Orbiter: Endeavour
Mission: STS-130
Payload: Tranquility
Launch: Feb. 7, 2010
Time: 4:39 a.m. EST
Site: Pad 39A, Kennedy Space Center
Landing: Feb. 19 @ approx. 11:15 p.m.
Site: KSC's Shuttle Landing Facility

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Mission Status Center

By Justin Ray

Welcome to Spaceflight Now's live coverage of space shuttle Endeavour's STS-130 mission to the International Space Station. Text updates will appear automatically; there is no need to reload the page. Follow us on Twitter.

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1100 GMT (6:00 a.m. EST)
The Orbiter Boom Sensor System has been berthed in the payload bay, its job complete for the mission. Analysts on the ground will be examining all of the imagery gathered and should have the heat shield cleared of any concern by Suday morning.
0932 GMT (4:32 a.m. EST)
The surveys are now finished. They were scheduled to put the inspection boom in its cradle in the payload bay after waking up Saturday afternoon. But Robinson says the crew will do it now instead.
0850 GMT (3:50 a.m. EST)
With Endeavour safely away from the International Space Station, flight controllers are looking ahead to the crew's planned landing Sunday night, assessing threatening weather in Florida and California and evaluating a variety of landing options.

Read our full story.
0810 GMT (3:10 a.m. EST)
Observations of the port wing are now underway aboard shuttle Endeavour by commander George Zamka, pilot Terry Virts and flight engineer Steve Robinson. This is the third and final part of the inspections for today.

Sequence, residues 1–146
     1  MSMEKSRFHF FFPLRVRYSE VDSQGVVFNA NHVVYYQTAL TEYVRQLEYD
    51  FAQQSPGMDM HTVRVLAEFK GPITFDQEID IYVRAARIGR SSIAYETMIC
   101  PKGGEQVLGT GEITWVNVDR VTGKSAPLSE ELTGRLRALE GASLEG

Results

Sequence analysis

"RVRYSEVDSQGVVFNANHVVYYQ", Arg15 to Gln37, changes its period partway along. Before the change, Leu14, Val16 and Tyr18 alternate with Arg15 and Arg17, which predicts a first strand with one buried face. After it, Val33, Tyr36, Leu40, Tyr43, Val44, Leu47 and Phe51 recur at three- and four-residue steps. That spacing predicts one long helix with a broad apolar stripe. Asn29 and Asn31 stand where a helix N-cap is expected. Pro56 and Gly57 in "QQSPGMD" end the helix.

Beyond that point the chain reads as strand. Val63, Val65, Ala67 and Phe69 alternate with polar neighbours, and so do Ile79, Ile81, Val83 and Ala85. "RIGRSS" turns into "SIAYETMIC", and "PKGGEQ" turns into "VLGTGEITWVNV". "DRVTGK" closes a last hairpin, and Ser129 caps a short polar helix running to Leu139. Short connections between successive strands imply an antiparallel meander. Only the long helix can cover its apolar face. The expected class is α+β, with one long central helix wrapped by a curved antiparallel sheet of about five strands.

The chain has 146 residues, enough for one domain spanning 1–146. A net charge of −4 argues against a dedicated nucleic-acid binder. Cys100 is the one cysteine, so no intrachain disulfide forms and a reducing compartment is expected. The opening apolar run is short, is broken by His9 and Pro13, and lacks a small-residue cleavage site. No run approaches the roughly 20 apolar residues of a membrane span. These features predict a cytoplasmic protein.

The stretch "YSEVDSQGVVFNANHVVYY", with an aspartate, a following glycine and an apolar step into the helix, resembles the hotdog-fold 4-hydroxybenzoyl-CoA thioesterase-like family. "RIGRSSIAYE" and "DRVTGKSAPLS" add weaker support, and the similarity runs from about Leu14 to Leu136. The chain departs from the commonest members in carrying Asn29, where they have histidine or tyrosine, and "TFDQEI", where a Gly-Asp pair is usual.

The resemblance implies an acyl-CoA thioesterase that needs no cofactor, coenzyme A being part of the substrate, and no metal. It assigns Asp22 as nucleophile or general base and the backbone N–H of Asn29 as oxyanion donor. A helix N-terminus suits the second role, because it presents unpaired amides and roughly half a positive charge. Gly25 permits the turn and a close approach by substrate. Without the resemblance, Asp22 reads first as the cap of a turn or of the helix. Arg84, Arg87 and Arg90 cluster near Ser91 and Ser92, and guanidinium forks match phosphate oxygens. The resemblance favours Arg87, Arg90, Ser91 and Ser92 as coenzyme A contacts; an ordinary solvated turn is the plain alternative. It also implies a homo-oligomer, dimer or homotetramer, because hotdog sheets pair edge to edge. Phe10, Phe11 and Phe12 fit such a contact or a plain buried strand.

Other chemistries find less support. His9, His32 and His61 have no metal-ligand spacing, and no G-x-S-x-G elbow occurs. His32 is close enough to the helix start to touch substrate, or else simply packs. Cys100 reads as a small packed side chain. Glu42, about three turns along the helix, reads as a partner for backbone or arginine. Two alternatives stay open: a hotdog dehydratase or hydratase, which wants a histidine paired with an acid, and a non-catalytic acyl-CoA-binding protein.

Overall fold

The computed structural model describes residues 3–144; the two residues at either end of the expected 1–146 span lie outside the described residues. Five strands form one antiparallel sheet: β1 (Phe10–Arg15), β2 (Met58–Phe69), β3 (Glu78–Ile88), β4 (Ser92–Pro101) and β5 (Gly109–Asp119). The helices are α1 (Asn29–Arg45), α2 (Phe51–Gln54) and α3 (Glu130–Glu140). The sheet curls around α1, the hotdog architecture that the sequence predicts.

0745 GMT (2:45 a.m. EST)
Commander George Zamka, pilot Terry Virts and mission specialist Kay Hire are performing this inspection of Endeavour's reinforced carbon-carbon nose cap.
0725 GMT (2:25 a.m. EST)
The astronauts are using the Orbiter Boom Sensor System on the end of the shuttle's robot arm for a series of heat shield inspections. The inspections are similar to the ones performed the day after launch. Today's survey results will be compared with the earlier data to ensure the orbiter's wing leading edge panels and nose cap are free of any space debris impacts that could have happened during the mission.
0700 GMT (2:00 a.m. EST)
The right wing has been scanned using the laser and camera package of the Orbiter Boom Sensor System. The crew is swinging the boom in position to inspect Endeavour's nose cap next.
0612 GMT (1:12 a.m. EST)
Endeavour is about 19 miles from the station and separating at about 10 miles per orbit now, Mission Control says.
0605 GMT (1:05 a.m. EST)
The starboard wing surveys are getting started under the control of mission specialists Kay Hire, Steve Robinson and Nick Patrick.
0512 GMT (12:12 a.m. EST)
The crew has the inspection boom in motion for tonight's heat shield inspections.

Before getting started, the astronauts helped collect some additional data for engineers on the ground looking at Endeavour's fuel cell No. 2. That electricity-producing device failed an internal self test earlier tonight. But Mission Control believes the fuel cell is fine.
0231 GMT (9:31 p.m. EST Fri.)
The shuttle is quickly departing the vicinity of the space station following separation burn No. 2 producing a 3 feet per second change in velocity.

The astronauts will spend the late-night hours using the Orbiter Boom Sensor System to inspect the shuttle's wing leading edge panels and nose cap to look for any space debris or micrometeoroid damage that could have occurred during the mission. Standard day-before-landing tests of Endeavour's flight controls and thrusters, along with packing up the cabin for entry will fill the crew's Saturday night in orbit.

Landing at the Kennedy Space Center to conclude this spaceflight is scheduled for 10:16 p.m. EST on Sunday.

The early weather forecast for the Kennedy Space Center has a chance of showers around the landing site that would prohibit the shuttle's return.

The outlook for the Florida spaceport includes scattered clouds at 4,000 and 12,000 feet, a broken deck at 25,000 feet, seven miles of visibility, southerly winds from 160 degrees of 10 peaking to 14 knots and that "chance" of showers within 30 miles.

The backup site at Edwards Air Force Base in California, which will be called up for support on Sunday, has rain showers and a low-cloud ceiling in its gloomy forecast.